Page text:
There's a chill in the air at the Kaipara Cruising and Sportfishing club - strong winds whipping the flag lowered to half mast into a frenzy on the front lawn.
At the flagpole's base there's a small collection of colourful flowers and a rope of Tongan shells next to the bouquets.
As teams search for the eighth and final member of Saturday's fishing group, local boaties are mourning the loss of one of their own.
Eleven men were thrown into the water when the boat they were on for a chartered fishing trip capsized in rough seas while trying to cross the bar in the Kaipara Harbour.
Three men survived the tragedy but at least seven people died, including the Francie's skipper. An eighth man is still missing, presumed dead.
Back at the fishing club, a single red rose is knotted into the rope where it winds around the pole, holding the flag in place.
Red, blue and orange flax weavings interspersed between the flower pots at the poles base point to the heritage of the friends on the charter, all of whom were Pacific Islanders.
The cars the group of friends arrived in for their monthly get together have gone, leaving the small boat yard nearly empty. The brightly coloured petals are the only evidence something could be awry.
Two club members sit in their cars quietly, the only sound the flapping of the flag.
Hayden Fletcher, who knew skipper Bill McNatty for ten years, is waiting for the man who mows the lawns to arrive.
Around the bunches of flowers he erects a cardboard wall to keep the tributes safe while the chore is carried out.
Fletcher said he was still coming to terms with losing McNatty, his mate of a decade.
"It's a crazy feeling really, just how quick it happened."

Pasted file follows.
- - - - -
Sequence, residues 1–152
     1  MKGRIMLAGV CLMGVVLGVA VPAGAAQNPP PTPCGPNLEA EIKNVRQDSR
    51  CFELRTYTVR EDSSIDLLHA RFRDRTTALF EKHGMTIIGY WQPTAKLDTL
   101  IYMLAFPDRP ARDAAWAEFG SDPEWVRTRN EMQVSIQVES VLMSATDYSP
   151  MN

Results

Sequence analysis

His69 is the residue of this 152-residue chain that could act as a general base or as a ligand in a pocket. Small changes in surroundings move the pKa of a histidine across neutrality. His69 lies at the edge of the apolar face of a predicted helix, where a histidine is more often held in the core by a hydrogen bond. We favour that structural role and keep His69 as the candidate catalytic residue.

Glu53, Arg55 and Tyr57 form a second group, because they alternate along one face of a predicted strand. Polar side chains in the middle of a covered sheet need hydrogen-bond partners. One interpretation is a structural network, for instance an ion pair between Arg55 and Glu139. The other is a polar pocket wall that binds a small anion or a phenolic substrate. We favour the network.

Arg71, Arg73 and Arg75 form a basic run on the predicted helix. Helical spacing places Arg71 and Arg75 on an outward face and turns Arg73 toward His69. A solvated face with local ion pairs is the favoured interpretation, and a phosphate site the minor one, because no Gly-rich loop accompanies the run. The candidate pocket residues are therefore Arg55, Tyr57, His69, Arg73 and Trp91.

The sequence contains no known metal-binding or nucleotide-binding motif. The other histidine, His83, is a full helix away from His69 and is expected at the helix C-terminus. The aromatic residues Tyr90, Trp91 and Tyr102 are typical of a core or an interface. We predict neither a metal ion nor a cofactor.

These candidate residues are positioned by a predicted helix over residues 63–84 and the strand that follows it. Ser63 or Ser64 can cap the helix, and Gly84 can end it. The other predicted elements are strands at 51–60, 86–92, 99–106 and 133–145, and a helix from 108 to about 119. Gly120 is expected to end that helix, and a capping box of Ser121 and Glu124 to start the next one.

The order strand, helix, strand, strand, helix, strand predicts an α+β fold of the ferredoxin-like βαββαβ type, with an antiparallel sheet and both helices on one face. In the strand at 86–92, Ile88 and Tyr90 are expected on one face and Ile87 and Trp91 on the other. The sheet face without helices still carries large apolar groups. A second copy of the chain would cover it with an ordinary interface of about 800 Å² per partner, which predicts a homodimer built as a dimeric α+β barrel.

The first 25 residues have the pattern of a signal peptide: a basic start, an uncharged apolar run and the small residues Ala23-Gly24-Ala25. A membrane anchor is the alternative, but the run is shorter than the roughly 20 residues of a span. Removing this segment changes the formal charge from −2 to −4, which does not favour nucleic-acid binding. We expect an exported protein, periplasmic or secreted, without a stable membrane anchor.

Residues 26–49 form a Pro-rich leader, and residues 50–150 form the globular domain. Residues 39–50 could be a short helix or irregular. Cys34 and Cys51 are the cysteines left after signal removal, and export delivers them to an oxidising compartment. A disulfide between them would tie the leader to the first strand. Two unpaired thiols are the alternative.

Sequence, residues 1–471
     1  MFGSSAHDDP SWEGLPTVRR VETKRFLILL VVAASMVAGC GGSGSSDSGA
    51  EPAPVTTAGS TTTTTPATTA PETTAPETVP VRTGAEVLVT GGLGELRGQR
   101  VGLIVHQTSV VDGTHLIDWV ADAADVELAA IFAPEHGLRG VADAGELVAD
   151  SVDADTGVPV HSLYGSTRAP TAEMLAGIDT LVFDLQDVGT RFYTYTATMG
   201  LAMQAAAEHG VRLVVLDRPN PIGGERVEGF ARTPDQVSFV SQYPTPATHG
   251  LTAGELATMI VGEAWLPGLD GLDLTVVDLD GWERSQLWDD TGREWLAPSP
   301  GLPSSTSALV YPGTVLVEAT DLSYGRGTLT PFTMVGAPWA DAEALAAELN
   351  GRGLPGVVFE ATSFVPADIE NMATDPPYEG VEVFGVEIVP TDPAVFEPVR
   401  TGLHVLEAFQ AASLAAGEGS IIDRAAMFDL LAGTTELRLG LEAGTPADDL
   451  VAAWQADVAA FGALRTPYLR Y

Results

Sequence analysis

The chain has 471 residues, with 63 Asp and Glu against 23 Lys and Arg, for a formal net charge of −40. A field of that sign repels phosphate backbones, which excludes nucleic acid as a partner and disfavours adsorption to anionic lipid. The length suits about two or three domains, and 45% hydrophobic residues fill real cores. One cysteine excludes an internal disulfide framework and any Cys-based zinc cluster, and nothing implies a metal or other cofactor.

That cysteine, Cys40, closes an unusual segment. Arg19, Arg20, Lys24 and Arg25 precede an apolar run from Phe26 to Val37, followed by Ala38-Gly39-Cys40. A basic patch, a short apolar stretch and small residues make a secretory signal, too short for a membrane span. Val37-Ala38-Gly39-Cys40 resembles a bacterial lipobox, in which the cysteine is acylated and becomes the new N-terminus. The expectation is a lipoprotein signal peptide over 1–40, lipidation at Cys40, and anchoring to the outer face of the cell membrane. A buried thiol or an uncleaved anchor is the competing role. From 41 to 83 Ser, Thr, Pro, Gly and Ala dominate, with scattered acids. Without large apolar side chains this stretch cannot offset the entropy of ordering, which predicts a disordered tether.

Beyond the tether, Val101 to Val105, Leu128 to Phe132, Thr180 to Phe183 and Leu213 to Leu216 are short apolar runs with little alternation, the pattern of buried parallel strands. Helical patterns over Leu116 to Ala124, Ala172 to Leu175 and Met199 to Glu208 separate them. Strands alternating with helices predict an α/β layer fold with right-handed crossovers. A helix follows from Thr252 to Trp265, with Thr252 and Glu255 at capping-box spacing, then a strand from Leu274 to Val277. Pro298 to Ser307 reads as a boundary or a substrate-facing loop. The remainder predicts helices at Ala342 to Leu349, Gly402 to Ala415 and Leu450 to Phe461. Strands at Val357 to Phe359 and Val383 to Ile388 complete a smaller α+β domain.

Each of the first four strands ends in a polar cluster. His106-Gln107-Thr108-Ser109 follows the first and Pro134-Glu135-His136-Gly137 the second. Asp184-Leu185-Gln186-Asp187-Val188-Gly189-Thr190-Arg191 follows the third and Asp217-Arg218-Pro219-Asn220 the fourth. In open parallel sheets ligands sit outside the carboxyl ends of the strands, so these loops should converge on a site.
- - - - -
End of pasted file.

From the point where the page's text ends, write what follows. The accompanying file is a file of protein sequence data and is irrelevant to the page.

People had gathered at the fishing club last night to pay their respects to McNatty, who was well regarded by his peers.
"Down here we're all family," he said.
"We were just mourning and having beers, sharing stories."
McNattys partner had dropped by yesterday morning but Fletcher said he did not know her very well and was unsure how she was holding up.
Another fishing club member, who asked not to be named, said he saw McNatty at the docks nearly every day.
He didn't see the skipper, who had a "wealth of knowledge" about boating, on that fateful morning but he noticed the Francie was gone when he arrived.
The mood had been subdued the last few days as people came to grips with the loss of their friend, he said.
"It's certainly a catalyst to bring everyone together."
In the town there was shock at the fatal maritime accident, one of New Zealand's worst in years, but for the most part life has carried on as usual.
The Mitre 10 across the road from the fishing club has its flag flying at half mast, but for most shop owners the mood in Kaipara is mostly unchanged.
The owner of a local craft shop said it was too early to tell how the tragic accident had affected residents.
People had been keeping their thoughts about it to themselves, she told the Herald.
Fruit and vegetable shop owner Abraham Van Dijon works around the corner from the fishing club.
"Everybody's in shock," he said.
"It makes you aware of how dangerous the harbour can be."